When Jeff Bezos acquired the Washington Post, a newspaper with a long and star-studded journalistic history, many wondered what kind of commitment—if any—Amazon’s founder and CEO would have to press freedom and journalism’s other core principles. In an interview at the Code technology conference in California on Tuesday, Bezos made it clear that he is as committed to those ideals as any newspaper publisher or media CEO, if not more so.
When he was asked about Peter Thiel’s campaign against Gawker Media, in which the Silicon Valley billionaire has said he wants to put the media company out of business by funding multiple lawsuits against it, Bezos said he didn’t support this kind of behavior. And he was unequivocal in his support of the right to free speech.
“The most important thing to remember is that beautiful speech doesn’t need protection—it’s ugly speech that needs protection,” the Amazon CEO said. “Somebody is going to write something very ugly, and certain people will say they need to be punished for that ugly speech. But if you step back and think about what a great society we have, a big part of it is the fact that we have these cultural norms that allow people to say really ugly things. We don’t have to like it. We don’t have to invite those people to our dinner parties. But you should let them say it.”
That’s a far better description of why free speech matters, and what the First Amendment is supposed to protect, than most of the defenders of Thiel’s attack on Gawker—the vast majority of whom come from Silicon Valley. Other than Bezos, the only technology billionaire who has come out against Thiel is eBay co-founder Pierre Omidyar.
Get Data Sheet, Fortune’s technology newsletter.
“This country has the best free speech protections in the world because of the Constitution but also because of our cultural norms,” Bezos said. “You don’t want to create any climate of fear or chill with respect to those free speech norms.” In talking about the motivation for Thiel’s anti-Gawker campaign, which appears to be revenge for articles that invaded his privacy, the Amazon founder paraphrased Confucius: “Seek revenge and you should dig two graves—one for yourself.”
Bezos hasn’t always been seen as such a staunch defender of a free press. Amazon (AMZN) has been criticized in the past for doing very unfriendly things such as deleting copies of books from people’s Kindle readers (ironically, one of the books deleted was George Orwell’s 1984). The company has also reacted badly to stories about business practices at Amazon, including a New York Times feature, and employees have said that they face termination if they speak to the media about working conditions.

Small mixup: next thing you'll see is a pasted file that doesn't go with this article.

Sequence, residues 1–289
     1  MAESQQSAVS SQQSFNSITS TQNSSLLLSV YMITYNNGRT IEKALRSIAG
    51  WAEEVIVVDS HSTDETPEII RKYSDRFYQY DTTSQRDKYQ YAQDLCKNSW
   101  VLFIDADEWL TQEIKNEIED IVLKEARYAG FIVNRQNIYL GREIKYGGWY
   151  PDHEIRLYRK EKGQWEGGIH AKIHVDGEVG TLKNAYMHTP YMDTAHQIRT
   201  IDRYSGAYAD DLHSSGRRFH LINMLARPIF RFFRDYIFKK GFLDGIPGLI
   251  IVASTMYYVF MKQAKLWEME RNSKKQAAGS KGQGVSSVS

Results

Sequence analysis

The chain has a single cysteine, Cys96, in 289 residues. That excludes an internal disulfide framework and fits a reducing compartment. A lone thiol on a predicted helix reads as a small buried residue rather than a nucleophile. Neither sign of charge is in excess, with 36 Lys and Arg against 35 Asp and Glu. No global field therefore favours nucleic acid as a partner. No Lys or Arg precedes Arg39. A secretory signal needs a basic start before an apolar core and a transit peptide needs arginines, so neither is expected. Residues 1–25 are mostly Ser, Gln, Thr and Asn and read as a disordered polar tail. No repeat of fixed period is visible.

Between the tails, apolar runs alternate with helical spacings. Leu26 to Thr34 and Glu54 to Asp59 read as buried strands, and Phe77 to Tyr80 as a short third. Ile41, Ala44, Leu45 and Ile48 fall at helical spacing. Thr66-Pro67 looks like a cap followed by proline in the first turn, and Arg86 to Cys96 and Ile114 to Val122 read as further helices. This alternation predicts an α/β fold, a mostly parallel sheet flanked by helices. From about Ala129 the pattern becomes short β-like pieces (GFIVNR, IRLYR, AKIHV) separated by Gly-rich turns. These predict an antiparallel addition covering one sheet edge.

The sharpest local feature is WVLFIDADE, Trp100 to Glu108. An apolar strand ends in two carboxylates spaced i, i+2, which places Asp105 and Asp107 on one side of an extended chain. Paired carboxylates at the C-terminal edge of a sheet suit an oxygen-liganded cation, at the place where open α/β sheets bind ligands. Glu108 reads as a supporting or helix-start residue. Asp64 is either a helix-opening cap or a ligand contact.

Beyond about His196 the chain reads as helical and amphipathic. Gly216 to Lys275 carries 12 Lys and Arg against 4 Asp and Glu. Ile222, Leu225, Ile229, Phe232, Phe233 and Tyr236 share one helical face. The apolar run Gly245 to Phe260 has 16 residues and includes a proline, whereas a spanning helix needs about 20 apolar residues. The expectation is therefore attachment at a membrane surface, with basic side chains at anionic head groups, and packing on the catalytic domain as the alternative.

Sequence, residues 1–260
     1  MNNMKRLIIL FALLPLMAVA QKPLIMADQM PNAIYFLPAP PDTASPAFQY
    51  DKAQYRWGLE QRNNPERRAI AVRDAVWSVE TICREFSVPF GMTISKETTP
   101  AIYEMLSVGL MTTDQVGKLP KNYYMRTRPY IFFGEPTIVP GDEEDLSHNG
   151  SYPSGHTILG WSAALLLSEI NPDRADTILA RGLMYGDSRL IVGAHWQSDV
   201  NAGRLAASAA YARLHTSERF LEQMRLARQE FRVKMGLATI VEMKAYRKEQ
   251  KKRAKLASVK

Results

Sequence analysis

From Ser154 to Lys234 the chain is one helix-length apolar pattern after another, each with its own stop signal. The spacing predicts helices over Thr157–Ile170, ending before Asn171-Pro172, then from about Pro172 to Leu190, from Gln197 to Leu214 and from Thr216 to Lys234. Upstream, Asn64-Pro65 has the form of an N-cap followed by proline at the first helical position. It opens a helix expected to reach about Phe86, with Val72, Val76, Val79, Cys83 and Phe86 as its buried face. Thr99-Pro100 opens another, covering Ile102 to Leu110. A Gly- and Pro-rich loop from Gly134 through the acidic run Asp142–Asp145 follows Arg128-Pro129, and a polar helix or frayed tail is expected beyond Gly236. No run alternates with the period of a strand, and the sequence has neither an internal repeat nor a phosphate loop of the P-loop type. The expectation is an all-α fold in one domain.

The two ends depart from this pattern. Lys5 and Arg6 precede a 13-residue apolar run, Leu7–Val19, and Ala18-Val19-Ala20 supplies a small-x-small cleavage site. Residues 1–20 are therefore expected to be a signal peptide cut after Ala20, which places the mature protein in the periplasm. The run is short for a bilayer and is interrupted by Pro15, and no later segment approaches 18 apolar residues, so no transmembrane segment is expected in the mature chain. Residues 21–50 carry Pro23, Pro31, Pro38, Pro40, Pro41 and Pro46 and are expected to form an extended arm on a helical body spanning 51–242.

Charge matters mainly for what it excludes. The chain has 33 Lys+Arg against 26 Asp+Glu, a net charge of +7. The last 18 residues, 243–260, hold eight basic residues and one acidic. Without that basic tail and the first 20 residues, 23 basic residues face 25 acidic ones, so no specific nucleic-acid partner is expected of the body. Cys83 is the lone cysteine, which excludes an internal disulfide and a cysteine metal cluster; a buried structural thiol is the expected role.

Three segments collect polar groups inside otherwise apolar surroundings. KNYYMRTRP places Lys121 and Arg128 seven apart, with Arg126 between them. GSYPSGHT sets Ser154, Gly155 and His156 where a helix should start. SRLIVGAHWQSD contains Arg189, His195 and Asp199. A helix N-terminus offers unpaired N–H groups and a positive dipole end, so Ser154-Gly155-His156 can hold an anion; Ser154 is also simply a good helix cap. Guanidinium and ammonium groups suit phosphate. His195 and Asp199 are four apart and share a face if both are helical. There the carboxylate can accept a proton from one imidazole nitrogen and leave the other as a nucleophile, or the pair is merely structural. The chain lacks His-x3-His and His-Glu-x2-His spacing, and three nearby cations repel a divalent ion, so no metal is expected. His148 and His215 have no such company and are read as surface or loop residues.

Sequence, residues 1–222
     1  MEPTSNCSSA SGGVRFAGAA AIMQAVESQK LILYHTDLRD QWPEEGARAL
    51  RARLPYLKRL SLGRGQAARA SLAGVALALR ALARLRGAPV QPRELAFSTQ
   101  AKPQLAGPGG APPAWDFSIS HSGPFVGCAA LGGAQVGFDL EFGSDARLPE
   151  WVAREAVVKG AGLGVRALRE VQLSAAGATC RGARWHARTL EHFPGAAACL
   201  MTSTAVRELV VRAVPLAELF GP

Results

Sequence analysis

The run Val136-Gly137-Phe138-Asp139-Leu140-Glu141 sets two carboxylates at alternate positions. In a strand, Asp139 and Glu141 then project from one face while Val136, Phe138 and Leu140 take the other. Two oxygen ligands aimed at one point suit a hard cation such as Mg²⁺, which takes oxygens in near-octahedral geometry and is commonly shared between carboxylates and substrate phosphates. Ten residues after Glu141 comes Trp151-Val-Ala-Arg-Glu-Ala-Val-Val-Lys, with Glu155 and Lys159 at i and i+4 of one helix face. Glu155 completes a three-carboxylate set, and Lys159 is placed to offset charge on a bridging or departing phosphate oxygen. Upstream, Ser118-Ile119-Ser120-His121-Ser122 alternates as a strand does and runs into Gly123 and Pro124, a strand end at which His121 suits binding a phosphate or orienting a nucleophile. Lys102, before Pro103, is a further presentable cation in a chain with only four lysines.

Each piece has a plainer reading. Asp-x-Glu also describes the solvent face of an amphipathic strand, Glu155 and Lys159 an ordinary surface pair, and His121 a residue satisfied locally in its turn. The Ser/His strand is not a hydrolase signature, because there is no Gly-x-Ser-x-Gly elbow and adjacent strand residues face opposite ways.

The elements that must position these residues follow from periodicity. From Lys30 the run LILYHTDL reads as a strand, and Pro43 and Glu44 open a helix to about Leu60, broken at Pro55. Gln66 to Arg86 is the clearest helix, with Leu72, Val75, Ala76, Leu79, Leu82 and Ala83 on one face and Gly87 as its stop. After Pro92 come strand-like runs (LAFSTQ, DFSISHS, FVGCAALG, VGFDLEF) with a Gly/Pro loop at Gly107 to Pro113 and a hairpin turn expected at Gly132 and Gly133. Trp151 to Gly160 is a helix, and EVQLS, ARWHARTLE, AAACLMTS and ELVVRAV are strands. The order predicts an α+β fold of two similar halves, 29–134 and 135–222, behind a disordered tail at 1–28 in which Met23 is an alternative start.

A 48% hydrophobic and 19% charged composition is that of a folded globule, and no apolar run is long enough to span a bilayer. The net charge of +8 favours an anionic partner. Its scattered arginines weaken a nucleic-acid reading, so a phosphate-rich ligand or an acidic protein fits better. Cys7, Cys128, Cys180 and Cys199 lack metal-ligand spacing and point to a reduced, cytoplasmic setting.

Thiel wasn’t the only case involving free speech that Bezos talked about during his interview. He also referred to the disturbing anti-press attitude of Republican presidential candidate Donald Trump, who has talked about “opening up libel laws” so he can more easily sue media outlets, and who keeps reporters penned inside corrals at his public appearances.
“One thing I think is not appropriate that Donald Trump is doing, is working to freeze or chill the media that are examining him,” Bezos said. “We live in a world where half the population on this planet, if you criticize your leader, there’s a good chance you’ll go to jail or worse. We live in this amazing democracy with amazing freedom of speech, and a presidential candidate should embrace that.”
The Amazon founder also invoked Katherine Graham, the legendary Washington Post publisher who once went toe-to-toe with an official in the Nixon government over the infamous Watergate investigation. When asked what he would do if the Post had to fight such a battle, the Amazon CEO said, “I guess the only thing I would say, with Kay Graham as my role model, I’m ready to let any of my body parts go through a big fat ringer if need be.”